Youth Digital is a Durham-based technology education company that has turned the pastime of gaming into an educational experience. Through online classes and after-school programs, students — ages 8 to 14 — learn to create their own video games, apps and other programs.
Due to an increasing demand for more classes, the company has moved from its original location in Durham to Chapel Hill. The new space includes six classrooms, a film studio and 3-D printers.
“Everyone is able to consume technology, but we want to teach kids who can build their own apps,” said Ryan Perlowin, assistant director of summer programs for Youth Digital.
“The move kind of allows us to reach more students here.”
Youth Digital is just one of the many startups that have found their way into the Chapel Hill area.
“Chapel Hill is attractive to startups for two main reasons: a thriving, diverse and educated population plus access to young, energetic talent,” said Patrick Vernon, executive director for UNC’s Center for Entrepreneurial Studies, in an email.
Jim Kitchen is the founder of 1789 Venture Lab, an incubator that supports students and other entrepreneurs in Orange County with resources such as money, meeting space and mentorship. He said the entrepreneurial spirit of the Triangle is revolutionizing the way UNC classes are being taught.
“It is amazing even in the last five years how across campus the curricular offerings have changed,” Kitchen said. “It’s all very entrepreneurially driven, and it’s fascinating to watch, so much so that the music department has its own incubators.”
Chapel Hill incubators — including LaUNCh Chapel Hill, 1789 and The Cube — house 142 startup businesses in total.
But there wasn’t always venture fever in Chapel Hill.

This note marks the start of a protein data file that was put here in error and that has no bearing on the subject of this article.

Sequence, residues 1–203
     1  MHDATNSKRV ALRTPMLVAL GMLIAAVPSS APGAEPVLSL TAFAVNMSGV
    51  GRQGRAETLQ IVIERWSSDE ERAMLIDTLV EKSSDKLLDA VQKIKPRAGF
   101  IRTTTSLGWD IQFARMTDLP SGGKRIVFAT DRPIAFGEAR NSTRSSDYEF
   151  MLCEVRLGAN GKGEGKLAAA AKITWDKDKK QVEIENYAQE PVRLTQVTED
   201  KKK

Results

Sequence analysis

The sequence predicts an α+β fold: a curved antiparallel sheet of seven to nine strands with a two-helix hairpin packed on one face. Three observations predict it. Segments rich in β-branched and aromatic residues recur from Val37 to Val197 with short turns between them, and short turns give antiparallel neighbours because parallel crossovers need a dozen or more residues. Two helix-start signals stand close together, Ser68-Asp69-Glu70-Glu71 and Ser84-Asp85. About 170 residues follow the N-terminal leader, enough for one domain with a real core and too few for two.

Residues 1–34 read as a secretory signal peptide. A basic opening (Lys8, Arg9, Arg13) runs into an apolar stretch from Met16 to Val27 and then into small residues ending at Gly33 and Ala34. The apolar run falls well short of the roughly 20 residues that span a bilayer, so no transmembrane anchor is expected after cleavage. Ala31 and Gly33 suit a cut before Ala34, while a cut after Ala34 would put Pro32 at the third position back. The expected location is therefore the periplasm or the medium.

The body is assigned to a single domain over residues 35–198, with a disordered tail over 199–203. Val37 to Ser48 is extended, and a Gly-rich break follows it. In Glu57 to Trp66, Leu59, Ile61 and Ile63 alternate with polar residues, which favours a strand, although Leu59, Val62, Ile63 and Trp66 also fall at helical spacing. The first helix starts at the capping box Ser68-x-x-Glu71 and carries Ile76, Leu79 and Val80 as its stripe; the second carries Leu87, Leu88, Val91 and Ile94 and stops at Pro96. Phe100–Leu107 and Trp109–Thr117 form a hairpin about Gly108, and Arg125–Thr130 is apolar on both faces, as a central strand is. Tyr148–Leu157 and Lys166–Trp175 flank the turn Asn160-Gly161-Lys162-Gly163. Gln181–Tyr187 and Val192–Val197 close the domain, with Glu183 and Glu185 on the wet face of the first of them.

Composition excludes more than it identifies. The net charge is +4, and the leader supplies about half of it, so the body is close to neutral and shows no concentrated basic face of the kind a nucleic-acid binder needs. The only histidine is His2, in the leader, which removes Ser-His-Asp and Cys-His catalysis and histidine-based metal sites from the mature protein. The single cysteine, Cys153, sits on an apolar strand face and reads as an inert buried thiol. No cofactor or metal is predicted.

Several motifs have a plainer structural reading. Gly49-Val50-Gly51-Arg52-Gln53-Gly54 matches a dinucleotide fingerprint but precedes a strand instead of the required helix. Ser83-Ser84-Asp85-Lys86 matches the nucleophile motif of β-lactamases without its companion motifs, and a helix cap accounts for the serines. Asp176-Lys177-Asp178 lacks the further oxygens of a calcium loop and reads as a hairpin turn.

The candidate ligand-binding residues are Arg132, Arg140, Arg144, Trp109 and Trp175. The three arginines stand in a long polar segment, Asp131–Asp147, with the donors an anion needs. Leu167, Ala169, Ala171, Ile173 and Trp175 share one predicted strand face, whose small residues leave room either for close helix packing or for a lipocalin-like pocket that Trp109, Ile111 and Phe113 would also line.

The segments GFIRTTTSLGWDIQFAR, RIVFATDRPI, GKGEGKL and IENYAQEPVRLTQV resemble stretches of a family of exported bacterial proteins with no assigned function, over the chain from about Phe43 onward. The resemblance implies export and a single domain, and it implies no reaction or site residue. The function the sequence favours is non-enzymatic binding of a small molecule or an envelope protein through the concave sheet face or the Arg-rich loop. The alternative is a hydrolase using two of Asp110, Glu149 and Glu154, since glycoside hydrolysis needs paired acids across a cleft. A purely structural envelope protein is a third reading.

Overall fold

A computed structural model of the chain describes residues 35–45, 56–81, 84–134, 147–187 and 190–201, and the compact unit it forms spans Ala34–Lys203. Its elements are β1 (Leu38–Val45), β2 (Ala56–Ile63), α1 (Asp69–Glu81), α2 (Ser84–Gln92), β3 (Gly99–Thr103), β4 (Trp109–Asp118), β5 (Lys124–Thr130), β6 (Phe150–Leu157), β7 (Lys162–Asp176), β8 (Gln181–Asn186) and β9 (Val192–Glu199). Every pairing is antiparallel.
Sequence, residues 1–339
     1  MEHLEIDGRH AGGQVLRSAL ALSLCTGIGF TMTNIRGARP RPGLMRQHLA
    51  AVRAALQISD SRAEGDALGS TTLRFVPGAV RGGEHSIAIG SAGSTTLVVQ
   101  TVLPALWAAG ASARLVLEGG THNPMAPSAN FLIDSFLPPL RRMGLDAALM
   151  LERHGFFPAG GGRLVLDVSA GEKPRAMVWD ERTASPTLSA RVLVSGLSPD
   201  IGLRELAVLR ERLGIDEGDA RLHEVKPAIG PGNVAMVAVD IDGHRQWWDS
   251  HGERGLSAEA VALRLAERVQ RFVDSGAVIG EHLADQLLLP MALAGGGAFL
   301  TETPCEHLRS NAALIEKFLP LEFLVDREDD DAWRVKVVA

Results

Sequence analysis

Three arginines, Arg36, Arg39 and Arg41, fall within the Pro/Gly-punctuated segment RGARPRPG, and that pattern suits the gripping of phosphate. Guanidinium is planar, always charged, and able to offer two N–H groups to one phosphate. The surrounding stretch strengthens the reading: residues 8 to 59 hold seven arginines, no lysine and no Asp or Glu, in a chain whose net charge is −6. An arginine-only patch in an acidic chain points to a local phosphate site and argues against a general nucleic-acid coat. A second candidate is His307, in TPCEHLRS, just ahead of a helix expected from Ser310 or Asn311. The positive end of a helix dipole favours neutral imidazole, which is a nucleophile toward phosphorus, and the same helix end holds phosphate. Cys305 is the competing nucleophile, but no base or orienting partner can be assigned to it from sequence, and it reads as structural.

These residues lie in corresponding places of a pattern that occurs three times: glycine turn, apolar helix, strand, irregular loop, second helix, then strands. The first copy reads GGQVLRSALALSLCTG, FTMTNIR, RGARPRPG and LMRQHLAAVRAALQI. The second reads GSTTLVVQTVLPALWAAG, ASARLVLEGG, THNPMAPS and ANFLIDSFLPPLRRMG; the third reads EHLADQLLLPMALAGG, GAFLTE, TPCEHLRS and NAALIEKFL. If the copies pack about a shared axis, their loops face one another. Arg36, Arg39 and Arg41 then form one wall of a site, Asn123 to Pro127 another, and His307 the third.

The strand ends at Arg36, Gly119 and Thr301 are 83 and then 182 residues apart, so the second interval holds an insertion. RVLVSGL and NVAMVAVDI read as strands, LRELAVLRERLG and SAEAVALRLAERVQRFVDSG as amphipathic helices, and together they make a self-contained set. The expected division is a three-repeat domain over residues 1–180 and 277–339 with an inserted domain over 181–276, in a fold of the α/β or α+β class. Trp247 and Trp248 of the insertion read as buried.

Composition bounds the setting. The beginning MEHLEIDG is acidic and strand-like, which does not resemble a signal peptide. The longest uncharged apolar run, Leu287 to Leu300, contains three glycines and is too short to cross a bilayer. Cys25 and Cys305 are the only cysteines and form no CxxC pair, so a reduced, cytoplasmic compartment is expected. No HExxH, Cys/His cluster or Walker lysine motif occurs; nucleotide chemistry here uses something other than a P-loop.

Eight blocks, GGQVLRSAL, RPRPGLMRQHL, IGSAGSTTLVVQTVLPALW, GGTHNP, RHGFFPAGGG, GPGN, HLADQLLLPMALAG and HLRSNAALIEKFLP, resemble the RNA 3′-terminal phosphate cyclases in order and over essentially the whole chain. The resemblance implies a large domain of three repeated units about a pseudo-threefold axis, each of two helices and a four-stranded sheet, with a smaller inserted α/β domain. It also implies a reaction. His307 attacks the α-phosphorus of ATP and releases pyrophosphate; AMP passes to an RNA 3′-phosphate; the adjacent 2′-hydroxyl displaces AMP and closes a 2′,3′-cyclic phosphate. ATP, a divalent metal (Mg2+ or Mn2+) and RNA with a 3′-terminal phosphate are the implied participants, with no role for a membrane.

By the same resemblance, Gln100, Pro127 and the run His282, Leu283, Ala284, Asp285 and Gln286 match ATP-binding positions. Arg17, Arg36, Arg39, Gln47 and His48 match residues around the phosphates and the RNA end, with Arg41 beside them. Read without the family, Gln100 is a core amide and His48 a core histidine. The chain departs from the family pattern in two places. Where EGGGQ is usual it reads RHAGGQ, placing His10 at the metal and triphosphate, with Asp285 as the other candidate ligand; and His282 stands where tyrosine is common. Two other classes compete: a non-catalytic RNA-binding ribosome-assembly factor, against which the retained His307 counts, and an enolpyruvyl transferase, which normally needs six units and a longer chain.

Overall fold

“I was a student back in Carolina in the ’80s, back when entrepreneurship wasn’t super hot. I started a company when I was an undergraduate, but it wasn’t nearly as much of a startup community as it is now,” Kitchen said.
“It’s changed dramatically during the last five years.”
He said an education-inspired passion for change has influenced the startup movement in Chapel Hill.
“I think there is also a notion that students are taught at the University that they can make a change, that they can specifically affect change, and that’s a great thing because they believe they are empowered to drive this change themselves,” Kitchen said. “That’s incredibly powerful.”
That passion for change is what continues to inspire the growth of Youth Digital.
Since it was founded in 2010, Youth Digital has reached more than 15,000 children in 70 countries. The company’s online classes have had the greatest influence on its growth.
Perlowin said 80 percent of Youth Digital students are enrolled in online courses.
“Online business is scaling really, really quickly,” he said.
“Whatever we do, it all comes back to the fact that we want to teach and inspire this new generation of creators,” Perlowin said.
Youth Digital will host a grand opening party at 7 p.m. today at 311 Providence Road.